By Karlene Skretting
Westwind Weekly News
A natural ability, passion for shooting and the desire to continually improve and learn has earned Brandon Hardy a place in the Canada Winter Games. He will be competing in the Target Shooting- Air Rifle category.
Perhaps what is most impressive about the seventeen-year-old’s accomplishment is the fact that he first picked up a 22 only two-and-a-half years ago during the Southern Alberta Summer Games.
“I just loved competing after that, because I thought I was pretty good at it,” shared Hardy about the silver and two bronze medals he took home in his first competition.
Susan Eymann, who is currently his coach, was there scoring the targets and noticed his talents and invited him to check out the LA HotShot Club, a group of 40 recreational and competitive air gun enthusiast.
“He just loved to shoot, there was no hesitation or nervousness … It is like the rifle is an extension of him,” shared Eymann of her first impression back in 2012.
Shortly thereafter, Hardy started training three times a week for competitive air rifle shooting in Lethbridge and Coaldale, under Eymann’s instruction, and the rest is history.
Brandon recently earned the title of the number one male open air rifle champion in Alberta. He is the best shooting male in the province.
While the sport isn’t very well known in Canada, it is very popular in Europe and Asia, said Eymann. She noted it is growing in Canada, Alberta particularly, and that there are about 25 competitive air rifle athletes in the province.
“It is a challenge (to get people interested), part of it is the culture. Air rifles are guns, so you have to educate a person that it is a very precise Olympic sport. And when people come and try it out they absolutely love it.”
According to Hardy his biggest strength is the advantage he had coming into the sport, already knowing how to hold, shoot and aim a gun from years of prior hunting experience.
Eymann noted that Brandon’s calm demeanour on the line is crucial to his success, as he is alone on the line for over an hour. “He is able to focus in and stay focused for that long of a period. Which, is pretty remarkable for a teenager,” said Eymann with a smile.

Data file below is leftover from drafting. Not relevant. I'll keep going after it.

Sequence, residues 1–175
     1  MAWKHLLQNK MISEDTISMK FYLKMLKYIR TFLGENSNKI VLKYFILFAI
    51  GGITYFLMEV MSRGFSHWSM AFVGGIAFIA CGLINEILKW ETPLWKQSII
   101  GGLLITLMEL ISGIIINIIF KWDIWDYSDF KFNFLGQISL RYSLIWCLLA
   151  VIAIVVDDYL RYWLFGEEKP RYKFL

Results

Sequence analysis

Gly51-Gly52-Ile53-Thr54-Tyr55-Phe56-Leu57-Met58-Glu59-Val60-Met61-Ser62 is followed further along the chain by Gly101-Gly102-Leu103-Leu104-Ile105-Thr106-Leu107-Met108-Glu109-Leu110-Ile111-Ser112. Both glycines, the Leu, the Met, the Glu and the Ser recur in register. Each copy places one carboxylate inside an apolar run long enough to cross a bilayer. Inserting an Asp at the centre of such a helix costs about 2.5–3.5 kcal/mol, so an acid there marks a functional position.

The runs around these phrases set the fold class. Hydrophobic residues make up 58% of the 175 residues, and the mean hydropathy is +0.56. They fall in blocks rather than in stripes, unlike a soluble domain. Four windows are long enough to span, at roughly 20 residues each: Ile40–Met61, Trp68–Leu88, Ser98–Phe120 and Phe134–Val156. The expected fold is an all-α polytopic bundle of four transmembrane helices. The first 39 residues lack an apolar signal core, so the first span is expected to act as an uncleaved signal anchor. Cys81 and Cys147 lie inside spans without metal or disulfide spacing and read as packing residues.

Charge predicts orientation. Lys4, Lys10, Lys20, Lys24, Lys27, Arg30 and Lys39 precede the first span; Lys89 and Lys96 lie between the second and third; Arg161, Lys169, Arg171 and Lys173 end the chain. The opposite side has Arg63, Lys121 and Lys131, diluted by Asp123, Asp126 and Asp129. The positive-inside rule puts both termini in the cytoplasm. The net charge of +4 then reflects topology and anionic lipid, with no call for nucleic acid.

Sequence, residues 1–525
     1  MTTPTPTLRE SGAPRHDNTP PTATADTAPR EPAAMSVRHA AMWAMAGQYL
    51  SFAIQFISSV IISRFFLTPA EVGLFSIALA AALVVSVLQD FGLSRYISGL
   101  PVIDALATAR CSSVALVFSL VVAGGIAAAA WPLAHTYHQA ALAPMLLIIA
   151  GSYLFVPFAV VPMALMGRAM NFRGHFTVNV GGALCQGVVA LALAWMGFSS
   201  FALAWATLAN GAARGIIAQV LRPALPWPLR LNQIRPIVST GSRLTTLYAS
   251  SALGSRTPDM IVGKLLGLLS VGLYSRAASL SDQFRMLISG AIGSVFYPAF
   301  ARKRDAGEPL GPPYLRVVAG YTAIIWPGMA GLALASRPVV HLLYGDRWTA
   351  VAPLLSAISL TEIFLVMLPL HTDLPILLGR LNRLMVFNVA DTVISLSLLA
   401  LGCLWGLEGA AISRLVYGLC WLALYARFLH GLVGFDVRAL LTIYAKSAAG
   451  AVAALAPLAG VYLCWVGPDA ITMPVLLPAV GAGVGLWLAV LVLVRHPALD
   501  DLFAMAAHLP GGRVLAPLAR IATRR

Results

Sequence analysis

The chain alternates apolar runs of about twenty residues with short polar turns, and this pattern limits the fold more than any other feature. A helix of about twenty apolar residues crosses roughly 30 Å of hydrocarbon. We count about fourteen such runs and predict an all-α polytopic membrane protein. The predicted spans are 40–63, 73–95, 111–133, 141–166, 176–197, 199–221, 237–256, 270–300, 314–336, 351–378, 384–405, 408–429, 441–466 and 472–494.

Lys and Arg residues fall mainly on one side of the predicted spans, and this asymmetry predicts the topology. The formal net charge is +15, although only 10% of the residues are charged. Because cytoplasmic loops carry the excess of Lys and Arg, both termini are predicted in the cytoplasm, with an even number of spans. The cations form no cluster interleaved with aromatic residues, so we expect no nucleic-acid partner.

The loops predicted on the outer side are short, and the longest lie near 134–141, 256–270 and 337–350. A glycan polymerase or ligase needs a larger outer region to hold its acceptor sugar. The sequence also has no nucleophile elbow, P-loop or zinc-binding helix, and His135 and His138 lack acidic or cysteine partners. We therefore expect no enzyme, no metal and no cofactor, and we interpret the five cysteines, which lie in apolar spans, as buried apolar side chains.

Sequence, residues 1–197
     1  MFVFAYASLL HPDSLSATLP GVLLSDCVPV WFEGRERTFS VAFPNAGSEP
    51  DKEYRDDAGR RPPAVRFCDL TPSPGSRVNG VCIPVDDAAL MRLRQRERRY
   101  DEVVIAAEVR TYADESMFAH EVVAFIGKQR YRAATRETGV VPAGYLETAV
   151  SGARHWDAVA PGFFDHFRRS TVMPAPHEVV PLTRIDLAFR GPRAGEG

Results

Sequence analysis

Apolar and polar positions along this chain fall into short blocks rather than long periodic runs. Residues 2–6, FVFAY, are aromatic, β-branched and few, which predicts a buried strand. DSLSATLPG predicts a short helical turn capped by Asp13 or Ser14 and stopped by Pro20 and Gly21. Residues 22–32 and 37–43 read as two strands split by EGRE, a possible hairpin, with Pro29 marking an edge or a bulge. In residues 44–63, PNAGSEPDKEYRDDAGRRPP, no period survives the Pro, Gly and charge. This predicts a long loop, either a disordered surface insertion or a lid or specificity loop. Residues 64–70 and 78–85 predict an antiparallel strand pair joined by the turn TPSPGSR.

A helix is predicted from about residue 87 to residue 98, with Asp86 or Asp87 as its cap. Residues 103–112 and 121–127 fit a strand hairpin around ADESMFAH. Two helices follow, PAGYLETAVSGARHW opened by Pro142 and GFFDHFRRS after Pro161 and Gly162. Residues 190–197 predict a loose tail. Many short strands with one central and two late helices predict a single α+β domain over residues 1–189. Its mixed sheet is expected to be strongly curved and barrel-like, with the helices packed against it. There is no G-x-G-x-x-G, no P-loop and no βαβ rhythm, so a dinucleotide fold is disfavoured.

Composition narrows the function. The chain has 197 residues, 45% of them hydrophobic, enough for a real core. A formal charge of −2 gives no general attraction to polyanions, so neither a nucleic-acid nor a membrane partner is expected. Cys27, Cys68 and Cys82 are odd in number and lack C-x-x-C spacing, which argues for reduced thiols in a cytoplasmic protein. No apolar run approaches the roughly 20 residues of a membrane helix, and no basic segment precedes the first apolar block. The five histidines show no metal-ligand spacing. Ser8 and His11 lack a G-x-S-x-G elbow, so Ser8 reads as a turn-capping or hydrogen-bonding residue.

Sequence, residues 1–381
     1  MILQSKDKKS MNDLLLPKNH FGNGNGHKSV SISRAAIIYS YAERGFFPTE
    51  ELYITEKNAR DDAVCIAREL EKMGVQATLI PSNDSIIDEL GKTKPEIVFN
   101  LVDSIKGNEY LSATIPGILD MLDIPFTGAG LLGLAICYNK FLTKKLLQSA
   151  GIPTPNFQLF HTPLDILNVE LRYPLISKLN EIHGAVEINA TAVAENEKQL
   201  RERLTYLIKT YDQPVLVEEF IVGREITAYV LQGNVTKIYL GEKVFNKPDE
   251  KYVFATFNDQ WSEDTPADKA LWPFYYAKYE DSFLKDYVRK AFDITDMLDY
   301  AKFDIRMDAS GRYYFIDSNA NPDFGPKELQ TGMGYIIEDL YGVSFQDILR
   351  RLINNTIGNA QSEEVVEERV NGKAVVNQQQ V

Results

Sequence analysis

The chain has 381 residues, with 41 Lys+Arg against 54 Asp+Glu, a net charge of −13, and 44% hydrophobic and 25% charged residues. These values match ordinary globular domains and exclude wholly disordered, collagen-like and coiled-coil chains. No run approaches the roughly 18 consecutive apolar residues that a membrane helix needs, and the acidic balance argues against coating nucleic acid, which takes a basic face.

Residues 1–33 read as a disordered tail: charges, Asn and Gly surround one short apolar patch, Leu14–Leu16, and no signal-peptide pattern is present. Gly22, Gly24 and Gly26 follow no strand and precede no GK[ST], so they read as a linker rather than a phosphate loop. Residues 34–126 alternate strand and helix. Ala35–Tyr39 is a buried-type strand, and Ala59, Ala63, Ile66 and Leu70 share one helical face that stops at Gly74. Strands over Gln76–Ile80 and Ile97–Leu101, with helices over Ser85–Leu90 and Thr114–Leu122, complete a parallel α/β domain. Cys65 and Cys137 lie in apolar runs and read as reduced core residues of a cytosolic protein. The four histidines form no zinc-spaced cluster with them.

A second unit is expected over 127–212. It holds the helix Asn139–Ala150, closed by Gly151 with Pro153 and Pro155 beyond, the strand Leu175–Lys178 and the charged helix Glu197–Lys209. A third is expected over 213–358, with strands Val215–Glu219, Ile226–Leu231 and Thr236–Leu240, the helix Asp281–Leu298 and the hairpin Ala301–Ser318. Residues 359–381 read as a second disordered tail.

Target shooting tests an athlete’s accuracy, speed and endurance. From a distance of 10-meters, the competitor has an hour and 15 minutes to fire off 60 shots. The black bullseye is an inch and a half in diameter. The 10 in the centre of the bullseye is the size of a pin head.
Three weeks ago, Brandon scored a new personal best of 606.9, and is hoping to add to that at the Winter Games in Prince George, B.C. For men the perfect score is 654. A perfect shot value for each bullet is 10.9.
One of Brandon’s favourite things about the sport is its individual nature. “I can’t blame anyone for the mistakes. It teaches you to figure out what happened, why and how to fix it. It teaches you to adapt and strategize.”
The biggest factor of whether or not an athlete succeeds is themselves and their ability to remain calm and still during the competition.
Leading up to the Canada Winter Games, the primary focus has been mental training, as Hardy admits his weakness is dealing with pressure and that the Games will bring extra pressures, being his largest competition to date.
Eymann said that she has been working with him to be confident, no matter what happens, and not get flustered. To do this they have been setting up high-pressure scenarios in practice to try and mimic some of the things he may face.
Technically they have been working towards a better understanding of “is it me or is it the rifle” and knowing when to change the site of the gun or body positioning to more accurately hit the center of the target consistently.
Those who want to watch Brandon suit up on Feb. 16 in the Men’s Team Air Rifle category and Feb. 18 in the Individual category can view a live webcast at the following link: http://sportscanada.tv/canadagames/index.php/week1/target-shooting
Anyone interested in trying the sport for themselves is invited to the open drop in night at the Coaldale Sportsplex on Wednesday’s from 7 – 8:30p.m.
It is free to try for the first time and is a family friendly sport for people of all ages. For more information Susan Eymann can be contacted at 403-315-1585.